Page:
“Often M2M modules are hermetically sealed, such as in the connected car or smart meters. You can’t get to them,” Peterson said. “We needed a specific non-removable SIM that can be embedded into the M2M device at the point of manufacture, which can later be remotely provisioned with the profile of the mobile provider that is providing the connectivity.”
GSMA published an embedded SIM specification for M2M services, which enables remote over the air provision and management of embedded SIMs in M2M devices.
“The purpose of this specification, which is backed by the world’s mobile operators and suppliers, was to ensure interoperable technical solutions to further accelerate the M2M market,” Peterson said. “The GSMA’s Embedded SIM specification promotes a common global architecture that will reduce costs, drive efficiencies.”
In October, AT&T became the first operator in the United States to launch the GSMA Embedded SIM specification. Just as important, several global carriers — Etisalat, NTT DOCOMO, Telefónica and Vodafone Group —– and a number of SIM and module manufacturers have launched solutions compliant with the GSMA Embedded SIM specification. Ericsson has also committed to the standard.
“The announcement confirms that the industry is moving toward a single, common and interoperable specification that will accelerate the M2M market, reducing fragmentation caused by proprietary solutions,” said Alex Sinclair, GSMA CTO, in a press release.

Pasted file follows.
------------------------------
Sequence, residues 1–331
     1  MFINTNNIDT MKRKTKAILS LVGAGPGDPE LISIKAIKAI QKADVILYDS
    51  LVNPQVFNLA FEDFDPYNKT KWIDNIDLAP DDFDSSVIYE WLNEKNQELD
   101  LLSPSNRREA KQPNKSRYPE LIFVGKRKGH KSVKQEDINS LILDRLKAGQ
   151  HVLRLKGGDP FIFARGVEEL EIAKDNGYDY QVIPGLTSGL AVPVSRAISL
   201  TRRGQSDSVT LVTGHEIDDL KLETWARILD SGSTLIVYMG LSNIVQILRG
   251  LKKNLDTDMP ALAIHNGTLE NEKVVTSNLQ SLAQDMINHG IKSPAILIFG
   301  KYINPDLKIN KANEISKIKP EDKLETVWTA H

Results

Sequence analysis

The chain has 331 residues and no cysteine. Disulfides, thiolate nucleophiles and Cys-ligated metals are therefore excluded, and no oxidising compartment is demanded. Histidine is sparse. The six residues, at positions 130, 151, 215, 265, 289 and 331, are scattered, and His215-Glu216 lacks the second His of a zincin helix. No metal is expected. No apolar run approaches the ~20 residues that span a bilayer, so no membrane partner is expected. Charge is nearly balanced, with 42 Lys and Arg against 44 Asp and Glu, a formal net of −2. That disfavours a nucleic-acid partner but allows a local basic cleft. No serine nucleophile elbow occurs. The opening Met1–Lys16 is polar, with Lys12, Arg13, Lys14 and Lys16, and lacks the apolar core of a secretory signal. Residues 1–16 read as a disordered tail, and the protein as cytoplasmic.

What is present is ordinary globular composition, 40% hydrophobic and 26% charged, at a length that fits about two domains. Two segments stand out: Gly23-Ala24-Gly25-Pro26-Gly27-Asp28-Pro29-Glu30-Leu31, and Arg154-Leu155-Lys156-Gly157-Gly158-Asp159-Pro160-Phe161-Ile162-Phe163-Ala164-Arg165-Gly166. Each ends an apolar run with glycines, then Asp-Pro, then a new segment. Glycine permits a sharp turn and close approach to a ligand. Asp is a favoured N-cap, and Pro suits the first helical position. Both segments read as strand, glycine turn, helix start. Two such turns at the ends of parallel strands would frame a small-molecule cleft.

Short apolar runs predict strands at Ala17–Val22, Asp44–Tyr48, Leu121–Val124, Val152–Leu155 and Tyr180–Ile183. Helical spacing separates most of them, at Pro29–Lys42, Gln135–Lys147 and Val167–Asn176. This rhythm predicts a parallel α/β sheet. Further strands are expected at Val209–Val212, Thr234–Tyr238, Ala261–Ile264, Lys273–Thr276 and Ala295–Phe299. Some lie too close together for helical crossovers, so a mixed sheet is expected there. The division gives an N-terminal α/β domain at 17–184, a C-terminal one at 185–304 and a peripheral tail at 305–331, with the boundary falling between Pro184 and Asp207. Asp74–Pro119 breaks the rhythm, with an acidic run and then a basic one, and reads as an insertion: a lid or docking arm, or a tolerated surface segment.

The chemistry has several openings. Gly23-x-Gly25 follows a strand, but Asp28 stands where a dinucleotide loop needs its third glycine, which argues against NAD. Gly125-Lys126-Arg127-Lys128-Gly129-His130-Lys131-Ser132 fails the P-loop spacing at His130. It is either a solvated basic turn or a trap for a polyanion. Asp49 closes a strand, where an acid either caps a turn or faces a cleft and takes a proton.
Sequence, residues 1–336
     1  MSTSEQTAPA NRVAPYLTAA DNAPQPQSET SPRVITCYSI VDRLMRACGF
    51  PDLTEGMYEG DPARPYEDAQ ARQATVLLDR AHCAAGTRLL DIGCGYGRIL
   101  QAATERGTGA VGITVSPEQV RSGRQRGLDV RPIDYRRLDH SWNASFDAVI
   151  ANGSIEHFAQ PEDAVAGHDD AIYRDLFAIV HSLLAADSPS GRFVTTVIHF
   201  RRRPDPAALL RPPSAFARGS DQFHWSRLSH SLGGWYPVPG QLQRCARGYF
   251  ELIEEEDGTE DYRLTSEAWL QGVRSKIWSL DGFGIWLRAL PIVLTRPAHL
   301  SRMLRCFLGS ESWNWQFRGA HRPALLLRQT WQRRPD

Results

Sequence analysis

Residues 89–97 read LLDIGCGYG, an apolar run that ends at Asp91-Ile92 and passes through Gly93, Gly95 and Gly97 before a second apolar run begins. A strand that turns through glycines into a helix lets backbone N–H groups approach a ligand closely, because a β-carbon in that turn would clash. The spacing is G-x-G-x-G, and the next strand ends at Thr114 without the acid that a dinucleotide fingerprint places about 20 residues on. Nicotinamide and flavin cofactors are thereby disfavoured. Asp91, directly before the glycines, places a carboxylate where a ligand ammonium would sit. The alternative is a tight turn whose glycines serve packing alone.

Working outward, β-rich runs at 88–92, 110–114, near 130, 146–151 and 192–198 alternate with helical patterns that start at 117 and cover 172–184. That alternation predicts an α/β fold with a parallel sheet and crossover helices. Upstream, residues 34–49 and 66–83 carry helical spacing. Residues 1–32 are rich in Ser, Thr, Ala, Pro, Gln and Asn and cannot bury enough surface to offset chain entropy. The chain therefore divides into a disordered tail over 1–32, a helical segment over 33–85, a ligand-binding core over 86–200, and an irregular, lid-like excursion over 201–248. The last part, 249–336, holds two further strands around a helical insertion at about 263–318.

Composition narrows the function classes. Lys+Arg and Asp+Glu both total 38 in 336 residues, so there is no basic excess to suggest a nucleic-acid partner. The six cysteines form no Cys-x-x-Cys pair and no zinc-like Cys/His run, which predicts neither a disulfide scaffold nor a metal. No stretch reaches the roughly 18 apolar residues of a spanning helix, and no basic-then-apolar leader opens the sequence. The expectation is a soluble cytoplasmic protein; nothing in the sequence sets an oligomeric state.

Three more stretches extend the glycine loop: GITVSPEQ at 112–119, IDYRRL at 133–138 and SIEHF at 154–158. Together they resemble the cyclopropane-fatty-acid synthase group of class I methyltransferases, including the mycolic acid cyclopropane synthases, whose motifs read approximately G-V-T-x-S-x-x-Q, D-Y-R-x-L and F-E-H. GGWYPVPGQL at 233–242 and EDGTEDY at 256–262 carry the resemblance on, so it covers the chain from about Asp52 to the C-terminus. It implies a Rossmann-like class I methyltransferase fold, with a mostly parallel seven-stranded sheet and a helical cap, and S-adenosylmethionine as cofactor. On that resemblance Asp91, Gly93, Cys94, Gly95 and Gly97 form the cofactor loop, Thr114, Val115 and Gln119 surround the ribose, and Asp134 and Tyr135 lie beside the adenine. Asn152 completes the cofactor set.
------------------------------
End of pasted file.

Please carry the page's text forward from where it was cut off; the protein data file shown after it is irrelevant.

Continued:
Also in October, GSMA published guidelines for the Internet of Things (IoT) market that outline how devices and applications should communicate via mobile networks in the most intelligent and efficient way. The report, “IoT Device Connection Efficiency Guidelines,” received the backing of major mobile operators worldwide.
The guidelines include best practice in areas such as data aggregation within devices, non-synchronous network access, application scalability and guidance on managing signaling traffic from de-activated or out-of-subscription SIMs. GSMA is continuing its work on an industry agreement on privacy, tax and permanent roaming for the M2M SIMs and to complete it by February 2015.
There’s an M2M App for That
The U.S. market currently has 85 million LTE mobile connections, which is the most 4G users in the world. But, with 300 million in population, there is only so much growth that is going to be possible from consumer sales.
The appeal of M2M is not the size of the ARPU but the breadth of applications in the consumer and industrial sectors.
“There are so many use cases that we have not even thought of. There are infinitely more possible connections on the machine-to-machine side,” Peterson said. “The future seems to be extremely bright for the next five to 10 years.”
A GSMA report “Driving Innovation in Connected Living – The U.S. Flags the Future of M2M” expands on the key areas of opportunity.
• The United States has 250 million cars on its roads — the largest addressable market for future M2M growth, such as for in-car connectivity and services such as fuel consumption, safety monitoring, real-time news, maintenance and even pay-as-you-drive insurance subscriptions.
• With more than 43 million smart meters installed nationwide, smart grids can track energy consumption in real time and enable a homeowner or business to remotely monitor their use of power and tap into home automation that enables remote control of heating, air conditioning, lighting and even individual appliances, such as security cameras or burglar alarms.